Counterpoint: "Fahim Speaks"
A journey from Kabul to Hollywood - and back again
After a decade-long war in Afghanistan, we're swimming in images of the distant land - many of them negative. In the newly released autobiography "Fahim Speaks" [Warriors Publishing Group, $14.95] by Fahim Fazli (with Michael Moffett, of Concord, co-writing), we can see Afghanistan from a refreshingly different perspective - that of someone who lived there as a privileged child during a relatively stable period in the ancient country's history and later as a freedom fighter against the invading Russians.
After years of watching his country and his family get torn apart, he finally flees with what is left of his family. That perilous journey, from Afghanistan through Pakistan and eventually to the United States, is the stuff of movies. Perhaps it's a movie that Fahim will make someday; he's been working in Hollywood, mostly as an actor, since soon after arriving in the US. But he also played the real-life role as cultural advisor for the film "Charlie Wilson's War," working with Tom Hanks, Julia Roberts and Philip Seymour Hoffman.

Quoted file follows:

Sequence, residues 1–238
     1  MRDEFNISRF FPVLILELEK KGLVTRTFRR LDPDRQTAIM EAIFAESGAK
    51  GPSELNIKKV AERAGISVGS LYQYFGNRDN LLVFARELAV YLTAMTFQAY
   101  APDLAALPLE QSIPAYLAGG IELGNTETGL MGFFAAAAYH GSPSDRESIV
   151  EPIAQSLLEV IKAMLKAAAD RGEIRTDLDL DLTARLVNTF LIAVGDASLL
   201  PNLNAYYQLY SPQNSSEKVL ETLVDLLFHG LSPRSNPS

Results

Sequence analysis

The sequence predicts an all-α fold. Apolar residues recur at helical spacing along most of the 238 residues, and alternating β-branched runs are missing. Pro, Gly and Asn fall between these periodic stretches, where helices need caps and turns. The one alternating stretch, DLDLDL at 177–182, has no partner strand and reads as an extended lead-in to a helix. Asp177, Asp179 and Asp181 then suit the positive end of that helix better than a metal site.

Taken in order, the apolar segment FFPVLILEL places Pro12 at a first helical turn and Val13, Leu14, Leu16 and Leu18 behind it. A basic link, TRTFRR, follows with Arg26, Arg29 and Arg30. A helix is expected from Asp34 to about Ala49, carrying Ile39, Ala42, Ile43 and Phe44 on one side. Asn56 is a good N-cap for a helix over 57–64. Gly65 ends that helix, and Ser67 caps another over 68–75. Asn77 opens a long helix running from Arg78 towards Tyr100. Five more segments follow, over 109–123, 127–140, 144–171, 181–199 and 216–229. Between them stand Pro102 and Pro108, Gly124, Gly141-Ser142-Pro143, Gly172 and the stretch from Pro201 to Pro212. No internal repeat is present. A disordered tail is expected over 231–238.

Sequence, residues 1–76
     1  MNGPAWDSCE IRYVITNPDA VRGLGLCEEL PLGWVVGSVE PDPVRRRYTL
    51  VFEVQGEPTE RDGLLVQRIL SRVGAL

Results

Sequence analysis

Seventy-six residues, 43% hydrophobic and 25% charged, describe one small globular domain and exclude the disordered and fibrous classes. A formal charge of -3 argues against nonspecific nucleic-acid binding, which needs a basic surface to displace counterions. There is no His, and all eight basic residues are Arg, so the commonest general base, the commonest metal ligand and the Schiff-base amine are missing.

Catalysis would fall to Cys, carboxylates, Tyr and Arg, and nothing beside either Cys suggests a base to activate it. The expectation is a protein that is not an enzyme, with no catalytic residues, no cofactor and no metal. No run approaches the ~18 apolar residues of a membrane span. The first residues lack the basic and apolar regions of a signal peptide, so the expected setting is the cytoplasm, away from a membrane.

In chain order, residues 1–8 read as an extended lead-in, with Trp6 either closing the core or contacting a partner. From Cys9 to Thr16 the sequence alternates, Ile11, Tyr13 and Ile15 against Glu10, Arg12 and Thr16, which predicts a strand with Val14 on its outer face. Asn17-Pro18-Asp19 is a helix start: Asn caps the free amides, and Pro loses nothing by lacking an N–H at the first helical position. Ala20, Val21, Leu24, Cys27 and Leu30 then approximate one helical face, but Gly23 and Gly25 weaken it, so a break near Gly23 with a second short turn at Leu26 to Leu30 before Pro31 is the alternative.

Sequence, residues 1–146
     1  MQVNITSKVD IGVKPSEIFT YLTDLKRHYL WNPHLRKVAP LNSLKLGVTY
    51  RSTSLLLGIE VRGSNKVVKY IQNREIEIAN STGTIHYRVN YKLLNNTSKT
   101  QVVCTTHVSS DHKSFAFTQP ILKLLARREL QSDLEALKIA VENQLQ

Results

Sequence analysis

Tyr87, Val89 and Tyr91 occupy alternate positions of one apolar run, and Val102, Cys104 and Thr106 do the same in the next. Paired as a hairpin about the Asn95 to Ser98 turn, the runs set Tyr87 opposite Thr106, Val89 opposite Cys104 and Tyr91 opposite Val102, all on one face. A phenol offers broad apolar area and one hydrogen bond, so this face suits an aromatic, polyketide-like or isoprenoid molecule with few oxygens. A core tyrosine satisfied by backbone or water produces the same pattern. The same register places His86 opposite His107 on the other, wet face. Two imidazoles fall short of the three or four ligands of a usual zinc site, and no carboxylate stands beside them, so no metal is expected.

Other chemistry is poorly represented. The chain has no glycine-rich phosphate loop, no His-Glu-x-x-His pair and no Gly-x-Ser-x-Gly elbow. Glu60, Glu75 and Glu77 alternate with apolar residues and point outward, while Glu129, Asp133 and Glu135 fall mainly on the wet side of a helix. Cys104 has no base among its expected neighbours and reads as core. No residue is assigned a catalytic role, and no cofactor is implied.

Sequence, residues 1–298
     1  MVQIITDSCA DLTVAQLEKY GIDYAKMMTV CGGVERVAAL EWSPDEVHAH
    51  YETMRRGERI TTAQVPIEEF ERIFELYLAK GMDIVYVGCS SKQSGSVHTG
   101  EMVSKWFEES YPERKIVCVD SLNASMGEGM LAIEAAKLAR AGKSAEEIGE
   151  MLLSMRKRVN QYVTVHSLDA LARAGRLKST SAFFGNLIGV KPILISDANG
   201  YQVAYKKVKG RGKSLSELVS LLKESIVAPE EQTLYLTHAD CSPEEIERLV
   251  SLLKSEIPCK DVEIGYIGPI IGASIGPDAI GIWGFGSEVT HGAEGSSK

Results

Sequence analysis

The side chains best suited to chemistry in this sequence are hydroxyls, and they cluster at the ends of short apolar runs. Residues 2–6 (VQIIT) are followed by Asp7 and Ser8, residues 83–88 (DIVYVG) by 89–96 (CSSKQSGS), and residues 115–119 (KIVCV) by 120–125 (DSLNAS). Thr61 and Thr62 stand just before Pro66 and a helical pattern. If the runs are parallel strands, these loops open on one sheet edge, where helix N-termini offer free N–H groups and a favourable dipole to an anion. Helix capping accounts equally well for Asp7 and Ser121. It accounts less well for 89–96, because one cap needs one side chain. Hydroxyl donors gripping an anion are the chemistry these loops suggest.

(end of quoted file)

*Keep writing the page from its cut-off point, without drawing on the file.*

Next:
Not a bad gig for the man whose mother had called him "a bad-luck child." He also ducked his mother's label by surviving a tour as an interpreter with the Marines in the embattled Helmand Province back in Afghanistan, a dangerous mission Fahim undertook to serve his adopted country.
It's a fascinating life well worth knowing about and a book well worth reading, though I wish the cover art looked a little less scary. It feeds into an unfortunate stereotype and doesn't convey Fahim as the accomplished, brave, patriotic man he is.